Nevertheless, several interpretations were bright colored and aromatic, their smell often more floral than fruity. At their best they possessed a nuttiness in flavor not far removed from sherry, and a structure that would make them perfect foils for the juiciest sausages and richest rib-eye steaks. Their fruit could be ripe and sweet if fleeting, while their tannins almost without exception were grippy. Their finishes were more abrupt than lingering. Even a 10-year-old nebbiolo brought by Paul Bush of Madrona Vineyards on Apple Hill in El Dorado County was still as hard as Sierra granite, though not without sunny fruit.

Might rose be nebbiolo's best shot at establishing a following in California? Perhaps, to judge by both the plushness and length of a 2006 rendition by Rosa d'Oro in Lake County, still very much alive after all these years, and a surprisingly accessible and fresh 2011 by Madrona Vineyards. I suspect, however, that nebs won't be happy to have nebbiolo relegated to rose stature; it produces a seriously sophisticated wine in Piemonte, and California fans aren't likely to be satisfied with anything less, even if it isn't Barbaresco or Barolo.

The wines were tasted open, and as I made my way through the lineup I was most surprised to find that the smoother, more complex, more accessible and better balanced California nebbiolos tended to be from San Luis Obispo County. It could be that nebbiolo in San Luis Obispo County generally is planted in areas that while warm nonetheless are influenced by at least occasional fog, as are nebbiolo vineyards in Piemonte. The name "nebbiolo," in fact, is thought to stem from the Italian "nebbia," for "fog" or "mist."

While several of the California wines struggled to butt into the conversation with a coherent comment, the Italian contingent on hand was at ease with what it had to say, which generally ran to statements about sweet cherry fruit, a quiet complexity, and a stretched-out finish, despite their grippy tannins. Whether nebbiolo grown in California can produce similarly cohesive and approachable wines remains to be seen, but the nebs are confident it can and already are planning a migration next year to Paso Robles.

4 comments:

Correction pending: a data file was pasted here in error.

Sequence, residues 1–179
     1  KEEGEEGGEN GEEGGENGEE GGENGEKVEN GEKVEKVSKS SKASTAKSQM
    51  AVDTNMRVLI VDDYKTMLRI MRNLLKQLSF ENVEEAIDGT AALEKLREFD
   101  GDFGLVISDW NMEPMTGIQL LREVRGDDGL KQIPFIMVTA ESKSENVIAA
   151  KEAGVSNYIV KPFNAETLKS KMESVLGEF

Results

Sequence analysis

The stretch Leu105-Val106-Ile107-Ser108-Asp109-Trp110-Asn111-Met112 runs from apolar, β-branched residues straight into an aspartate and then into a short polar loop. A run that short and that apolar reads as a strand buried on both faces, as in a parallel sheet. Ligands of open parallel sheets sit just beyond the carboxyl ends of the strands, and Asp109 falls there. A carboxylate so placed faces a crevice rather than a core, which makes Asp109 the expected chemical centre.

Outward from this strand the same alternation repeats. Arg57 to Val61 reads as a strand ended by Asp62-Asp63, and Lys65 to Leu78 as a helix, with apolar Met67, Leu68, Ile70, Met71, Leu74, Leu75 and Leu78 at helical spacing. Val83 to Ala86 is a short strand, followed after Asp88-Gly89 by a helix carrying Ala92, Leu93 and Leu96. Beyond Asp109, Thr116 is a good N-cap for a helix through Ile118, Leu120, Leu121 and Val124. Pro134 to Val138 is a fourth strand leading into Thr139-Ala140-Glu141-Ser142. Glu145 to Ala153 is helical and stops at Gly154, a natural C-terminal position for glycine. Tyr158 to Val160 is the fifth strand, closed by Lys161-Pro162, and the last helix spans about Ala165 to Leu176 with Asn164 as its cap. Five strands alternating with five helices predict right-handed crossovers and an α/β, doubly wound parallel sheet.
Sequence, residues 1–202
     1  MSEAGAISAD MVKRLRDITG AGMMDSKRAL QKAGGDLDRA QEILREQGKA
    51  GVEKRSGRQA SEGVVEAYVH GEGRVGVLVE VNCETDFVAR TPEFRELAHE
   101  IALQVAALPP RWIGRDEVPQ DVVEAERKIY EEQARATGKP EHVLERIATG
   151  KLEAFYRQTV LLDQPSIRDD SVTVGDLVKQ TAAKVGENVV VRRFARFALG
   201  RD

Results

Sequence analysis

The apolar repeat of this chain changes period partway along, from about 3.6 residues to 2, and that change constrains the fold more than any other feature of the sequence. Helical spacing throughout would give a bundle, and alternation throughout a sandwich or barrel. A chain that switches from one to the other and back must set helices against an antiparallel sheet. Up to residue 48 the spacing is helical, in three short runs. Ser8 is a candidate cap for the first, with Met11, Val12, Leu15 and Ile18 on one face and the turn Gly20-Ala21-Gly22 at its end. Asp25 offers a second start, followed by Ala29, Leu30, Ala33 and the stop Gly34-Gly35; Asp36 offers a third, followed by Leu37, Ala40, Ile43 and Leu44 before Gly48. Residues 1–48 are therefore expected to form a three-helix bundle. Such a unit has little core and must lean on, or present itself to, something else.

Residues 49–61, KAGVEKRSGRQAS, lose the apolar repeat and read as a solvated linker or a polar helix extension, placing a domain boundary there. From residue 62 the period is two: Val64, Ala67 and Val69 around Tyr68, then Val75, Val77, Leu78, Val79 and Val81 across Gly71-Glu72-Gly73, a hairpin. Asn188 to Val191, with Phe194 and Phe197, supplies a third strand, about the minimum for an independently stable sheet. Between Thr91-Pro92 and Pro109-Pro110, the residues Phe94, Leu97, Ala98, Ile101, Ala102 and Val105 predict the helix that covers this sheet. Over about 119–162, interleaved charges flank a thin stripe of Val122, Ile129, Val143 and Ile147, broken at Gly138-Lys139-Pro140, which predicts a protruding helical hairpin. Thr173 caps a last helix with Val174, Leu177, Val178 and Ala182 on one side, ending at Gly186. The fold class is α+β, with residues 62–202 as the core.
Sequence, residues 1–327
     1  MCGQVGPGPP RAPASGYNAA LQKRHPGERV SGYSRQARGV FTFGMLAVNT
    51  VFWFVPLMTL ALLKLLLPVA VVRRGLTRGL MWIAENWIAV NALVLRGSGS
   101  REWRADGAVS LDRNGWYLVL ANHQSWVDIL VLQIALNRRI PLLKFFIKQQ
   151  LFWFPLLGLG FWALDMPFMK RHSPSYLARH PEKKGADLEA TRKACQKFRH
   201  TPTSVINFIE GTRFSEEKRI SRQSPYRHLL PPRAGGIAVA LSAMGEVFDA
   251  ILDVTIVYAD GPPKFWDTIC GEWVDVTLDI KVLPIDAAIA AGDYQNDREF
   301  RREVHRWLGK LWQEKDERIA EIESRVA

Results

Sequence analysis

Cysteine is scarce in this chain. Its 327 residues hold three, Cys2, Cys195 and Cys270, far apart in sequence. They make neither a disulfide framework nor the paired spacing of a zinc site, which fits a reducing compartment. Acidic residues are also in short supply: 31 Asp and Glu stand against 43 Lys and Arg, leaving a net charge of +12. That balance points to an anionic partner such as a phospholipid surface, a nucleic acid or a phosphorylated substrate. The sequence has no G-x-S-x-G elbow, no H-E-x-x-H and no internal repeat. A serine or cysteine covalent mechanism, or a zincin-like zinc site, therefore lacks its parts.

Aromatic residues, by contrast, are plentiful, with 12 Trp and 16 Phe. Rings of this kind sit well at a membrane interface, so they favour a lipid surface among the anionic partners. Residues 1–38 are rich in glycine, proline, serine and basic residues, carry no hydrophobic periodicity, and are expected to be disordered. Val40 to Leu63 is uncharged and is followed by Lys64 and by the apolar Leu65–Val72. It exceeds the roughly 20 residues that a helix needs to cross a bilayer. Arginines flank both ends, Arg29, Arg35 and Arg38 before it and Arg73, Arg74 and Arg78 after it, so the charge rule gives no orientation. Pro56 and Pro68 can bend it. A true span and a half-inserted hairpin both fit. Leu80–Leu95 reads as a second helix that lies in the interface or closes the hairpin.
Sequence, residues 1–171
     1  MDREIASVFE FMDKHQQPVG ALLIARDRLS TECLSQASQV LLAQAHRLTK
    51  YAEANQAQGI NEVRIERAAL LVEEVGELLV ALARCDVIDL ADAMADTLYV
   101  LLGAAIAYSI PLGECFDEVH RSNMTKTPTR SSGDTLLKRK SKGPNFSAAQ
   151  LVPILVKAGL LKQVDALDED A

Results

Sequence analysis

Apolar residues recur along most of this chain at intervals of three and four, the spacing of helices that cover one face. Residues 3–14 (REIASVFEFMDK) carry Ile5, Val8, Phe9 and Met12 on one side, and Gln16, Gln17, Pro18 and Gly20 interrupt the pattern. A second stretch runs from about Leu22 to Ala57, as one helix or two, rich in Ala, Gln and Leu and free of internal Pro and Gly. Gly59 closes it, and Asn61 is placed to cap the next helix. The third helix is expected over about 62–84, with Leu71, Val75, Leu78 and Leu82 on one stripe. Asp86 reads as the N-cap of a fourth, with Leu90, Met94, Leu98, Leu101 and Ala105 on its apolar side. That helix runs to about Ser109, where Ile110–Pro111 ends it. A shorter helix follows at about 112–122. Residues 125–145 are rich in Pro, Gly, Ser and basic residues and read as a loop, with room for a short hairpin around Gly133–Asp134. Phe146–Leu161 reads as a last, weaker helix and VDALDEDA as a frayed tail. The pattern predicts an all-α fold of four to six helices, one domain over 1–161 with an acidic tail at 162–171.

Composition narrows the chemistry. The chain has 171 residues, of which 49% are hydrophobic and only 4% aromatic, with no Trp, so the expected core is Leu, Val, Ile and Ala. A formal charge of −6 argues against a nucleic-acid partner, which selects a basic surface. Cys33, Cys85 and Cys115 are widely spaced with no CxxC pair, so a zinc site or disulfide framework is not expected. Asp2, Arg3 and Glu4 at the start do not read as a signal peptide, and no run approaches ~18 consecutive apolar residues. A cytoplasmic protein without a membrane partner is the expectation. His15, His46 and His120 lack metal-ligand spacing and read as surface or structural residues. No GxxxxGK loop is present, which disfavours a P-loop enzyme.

1. wow i would love to have been there

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  2. Was there last year, Somehow missed it this time, thought I am still an enthusiast...see you guys and gals next year.

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  3. I have made serious Nebbiolo since 1990. I have a good collection of Barolos from special vintages. I have tasted quite a few Nebbiolos from four comtinents literally around the world. I was chosen by the Italian Govt to speak at the first World Conference on Nebbiolo in 2004 (on their "dime"). That event was held in Sondrio (Lombardy) Italy where the grape actually originated. The wineries from Piedmonte had to travel to attend. (The second conference in 2006 was held in Piedmonte).
    Let me say that this grape is far and away the most difficult to grow and the wine is most difficult to make. The best place in California to grow this in on Napa Avenue east of the square in the town of Sonoma in Sonoma Valley just north of Carneros where the fog settles in early evenings and early mornings. But it has very warm afternoons.
    Less than one half of the vintages would produce wines that could stand up to Barolos or Barbarescos. Another vintage or two might produce simple Nebbiolos. Several vintages did not produce anything other than a generic blender. I have aged five vintages between 42 and 54 months to produce real Barolo styled wines over a 19 year span and another four more Barbaresco styled wines. The 1992, 1994, 1995, 2001 (chosen by the Italians to show at the first conference), the 2003 and 2004s were all very good and correct vintages. The 1992 is quite a spectacular world class wine today!

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  4. Here's another place where New World Nebbiolo is promising: the Guadalupe Valley in Baja California near Ensenada. I have been consulting about three years now with a winery there named Villa Montefiori, owned by Paolo Paolonni, an Italian. He has been successful with Sangiovese, Montepulciano, and Aglianico, among other varieties. He has planted some Neb, and we made a couple of barrels last vintage that seemed excellent when I last visited there in March. He also bought a couple of tons from a vineyard in a valley about 60 miles south of there (not remembering the name right now), but these barrels were also showing well.